Old Louisville: Largest Collection of Victorian Homes : GoToLouisville.com Official Travel Source

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Old Louisville

Louisville's historic Victorian neighborhood

Old Louisville has the most extensive collection of restored Victorian homes in the country and is the third-largest Historic Preservation District in the U.S.

Built as a suburb in the 1870s, this neighborhood consists of more than 40 city blocks of Victorian-era homes – considered some of the oldest, largest and most beautifully preserved homes in the city.

Amid the rich architecture of this community, you’ll also find a high concentration of quaint bed and breakfasts, inns, and unique dining options surrounded by the beauty of mature magnolia and oak trees.


Start your day at North Lime Coffee & Donuts with made-from-scratch donuts and professionally crafted espresso in a renovated 19th-century building.

If you’re craving an old-school dining experience, Old Louisville is ready to serve. For more than 50 years, D. Nalley’s has been pleasing the neighborhood with favorites like country fried steak and country ham platters. Old Louisville Tavern is known for handpatty burgers and house-cut fries, and Burger Boy is open 24/7 with a full breakfast menu. A Louisville institution since 1947, Dizzy Whizz is famous for its Whizzburger, a double-decker hamburger with a secret special sauce. For a nostalgic jaunt, walk up to the trolley car to order a tasty burger at Ollie’s Trolley, one of three remaining locations in the country. The Granville Pub, established in 1939, is another classic spot where you can get a great burger and watch a game, play pool or darts and hear live music.

Renshoku Ramen has a variety of Japanese, including JFC (Japanese Fried Chicken), and rice bowls. For Jamaican, Roof Top Grill gets rave reviews for their Caribbean classics, while Falafel Oasis is an excellent choice for Middle Eastern delicacies. If you’re craving soul food, Lucretia’s Kitchen is a great stop.

610 Magnolia is considered one of the city’s finest restaurants. Chef-owner Edward Lee (a James Beard finalist who starred on “Iron Chef America” and “Top Chef”) blends European techniques with seasonal, local and organic products during a six-course, pre-fixe dinner.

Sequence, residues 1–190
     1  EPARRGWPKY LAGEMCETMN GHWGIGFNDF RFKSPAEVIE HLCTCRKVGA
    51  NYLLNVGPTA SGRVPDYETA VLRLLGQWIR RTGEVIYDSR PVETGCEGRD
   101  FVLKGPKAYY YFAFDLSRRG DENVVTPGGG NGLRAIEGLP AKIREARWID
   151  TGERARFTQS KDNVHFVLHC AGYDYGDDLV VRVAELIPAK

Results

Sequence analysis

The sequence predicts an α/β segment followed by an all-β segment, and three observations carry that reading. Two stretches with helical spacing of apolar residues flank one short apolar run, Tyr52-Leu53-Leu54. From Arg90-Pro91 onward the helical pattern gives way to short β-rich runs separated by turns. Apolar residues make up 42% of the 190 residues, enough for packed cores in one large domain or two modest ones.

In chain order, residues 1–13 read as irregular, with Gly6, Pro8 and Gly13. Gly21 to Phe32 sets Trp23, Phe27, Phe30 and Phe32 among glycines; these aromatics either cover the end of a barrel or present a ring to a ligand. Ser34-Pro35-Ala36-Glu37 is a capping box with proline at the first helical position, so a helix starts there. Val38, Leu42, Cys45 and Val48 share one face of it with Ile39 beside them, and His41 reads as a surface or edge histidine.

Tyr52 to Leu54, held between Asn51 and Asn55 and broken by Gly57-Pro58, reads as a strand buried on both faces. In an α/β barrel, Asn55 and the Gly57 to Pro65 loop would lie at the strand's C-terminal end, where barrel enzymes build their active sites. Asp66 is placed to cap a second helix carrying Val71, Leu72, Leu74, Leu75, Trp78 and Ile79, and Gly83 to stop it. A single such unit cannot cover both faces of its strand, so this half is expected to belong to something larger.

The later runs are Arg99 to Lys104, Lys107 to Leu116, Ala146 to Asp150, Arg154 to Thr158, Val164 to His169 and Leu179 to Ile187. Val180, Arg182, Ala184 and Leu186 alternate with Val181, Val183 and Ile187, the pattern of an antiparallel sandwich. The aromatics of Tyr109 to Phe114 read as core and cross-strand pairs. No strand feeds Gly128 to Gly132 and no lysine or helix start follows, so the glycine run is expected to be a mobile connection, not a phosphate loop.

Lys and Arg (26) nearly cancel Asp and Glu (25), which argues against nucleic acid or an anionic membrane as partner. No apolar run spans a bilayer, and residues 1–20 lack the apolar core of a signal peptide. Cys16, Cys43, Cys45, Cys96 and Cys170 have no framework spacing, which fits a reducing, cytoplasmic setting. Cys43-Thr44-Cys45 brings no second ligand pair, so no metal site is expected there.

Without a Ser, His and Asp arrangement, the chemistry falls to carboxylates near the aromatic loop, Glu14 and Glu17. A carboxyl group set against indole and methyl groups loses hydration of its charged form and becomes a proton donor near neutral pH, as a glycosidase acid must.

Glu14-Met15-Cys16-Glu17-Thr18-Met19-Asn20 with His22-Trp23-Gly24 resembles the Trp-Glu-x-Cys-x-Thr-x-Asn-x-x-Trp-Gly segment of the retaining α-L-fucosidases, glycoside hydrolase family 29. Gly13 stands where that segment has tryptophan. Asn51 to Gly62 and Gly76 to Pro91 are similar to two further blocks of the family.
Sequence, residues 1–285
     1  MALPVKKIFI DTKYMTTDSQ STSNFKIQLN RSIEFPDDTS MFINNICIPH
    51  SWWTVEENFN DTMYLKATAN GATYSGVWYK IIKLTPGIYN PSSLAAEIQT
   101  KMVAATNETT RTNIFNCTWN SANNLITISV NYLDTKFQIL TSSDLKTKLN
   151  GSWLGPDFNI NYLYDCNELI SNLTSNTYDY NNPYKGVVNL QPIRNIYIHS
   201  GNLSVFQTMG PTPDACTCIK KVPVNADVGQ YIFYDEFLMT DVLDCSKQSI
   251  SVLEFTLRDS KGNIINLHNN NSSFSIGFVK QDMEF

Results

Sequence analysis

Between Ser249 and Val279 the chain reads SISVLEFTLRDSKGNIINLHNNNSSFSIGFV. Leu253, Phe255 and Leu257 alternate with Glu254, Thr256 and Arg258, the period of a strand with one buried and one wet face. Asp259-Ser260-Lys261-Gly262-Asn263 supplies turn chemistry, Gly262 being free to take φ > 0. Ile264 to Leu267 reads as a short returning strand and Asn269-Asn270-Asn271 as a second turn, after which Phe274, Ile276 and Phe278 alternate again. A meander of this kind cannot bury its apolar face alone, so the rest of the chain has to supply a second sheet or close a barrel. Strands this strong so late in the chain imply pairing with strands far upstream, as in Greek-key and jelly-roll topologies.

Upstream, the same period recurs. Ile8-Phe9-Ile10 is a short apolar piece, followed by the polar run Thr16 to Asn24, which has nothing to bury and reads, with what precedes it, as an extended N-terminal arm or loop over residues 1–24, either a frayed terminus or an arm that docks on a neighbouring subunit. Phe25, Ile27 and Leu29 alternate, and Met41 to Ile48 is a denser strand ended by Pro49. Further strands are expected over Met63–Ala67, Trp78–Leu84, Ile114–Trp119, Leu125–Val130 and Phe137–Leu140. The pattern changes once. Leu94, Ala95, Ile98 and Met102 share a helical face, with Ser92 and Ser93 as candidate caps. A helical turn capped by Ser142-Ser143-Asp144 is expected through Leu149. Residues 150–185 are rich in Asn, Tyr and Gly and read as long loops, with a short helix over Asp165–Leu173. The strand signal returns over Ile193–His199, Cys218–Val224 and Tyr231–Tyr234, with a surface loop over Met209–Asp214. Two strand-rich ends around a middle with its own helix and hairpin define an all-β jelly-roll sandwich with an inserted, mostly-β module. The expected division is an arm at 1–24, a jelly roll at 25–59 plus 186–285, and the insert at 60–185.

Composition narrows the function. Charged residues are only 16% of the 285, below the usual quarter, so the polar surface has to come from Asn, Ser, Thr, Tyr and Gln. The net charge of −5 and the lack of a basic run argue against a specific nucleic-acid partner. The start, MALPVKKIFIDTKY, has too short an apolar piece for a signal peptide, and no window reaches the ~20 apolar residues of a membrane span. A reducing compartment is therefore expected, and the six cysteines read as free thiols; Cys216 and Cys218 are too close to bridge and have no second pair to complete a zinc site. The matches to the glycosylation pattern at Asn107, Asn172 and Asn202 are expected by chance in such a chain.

Buck’s Restaurant & Bar combines European luxury and modern style with linen tablecloths, artfully mismatched china, white flowers adorning the bar and live piano music nightly in the historic Mayflower building.

Craft beer lovers will want to visit Old Louisville Brewery, a brother-owned microbrewery and neighborhood community hangout, and Noble Funk Brewing Company, where you’ll also find Noble Hearth Craft Pizza. Another neighborhood pizza spot is Pizza Donisi.

Old Louisville Coffee Co-op, another neighborhood hangout, stays open late to host open mics, poetry readings, comedy, art and more.


For lovers of the Bard, check out Kentucky Shakespeare, presenters of one of the longest-running free Shakespeare festivals in the country. Each fall, they also offer a spooky ticketed event at their Old Louisville headquarters. Stop in and admire the architecture at the Louisville Free Public Library. At the Speed Art Museum, art lovers of all ages can see paintings and sculpture works worldwide. Kentucky’s oldest and largest art museum hosts monthly special events, including an outdoor art park and piazza.

History buffs will want to tour the Conrad-Caldwell House with its ornate stained glass and handcrafted woodwork and take in the programming at The Filson Historical Society.

For families, a fun and educational option is the Gheens Science Hall & Rauch Planetarium located on the nearby University of Louisville campus.

Louisville Memorial Auditorium offers rich history and architectural beauty while offering a variety of concerts and stage productions. Old Louisville has its own Central Park, which often functions as the center of community events. Also, check out Old Louisville’s various walking tours with themes from historical to architectural to ghostly, where you can see neighborhood landmarks like the “Pink Palace” and the Witches’ Tree.

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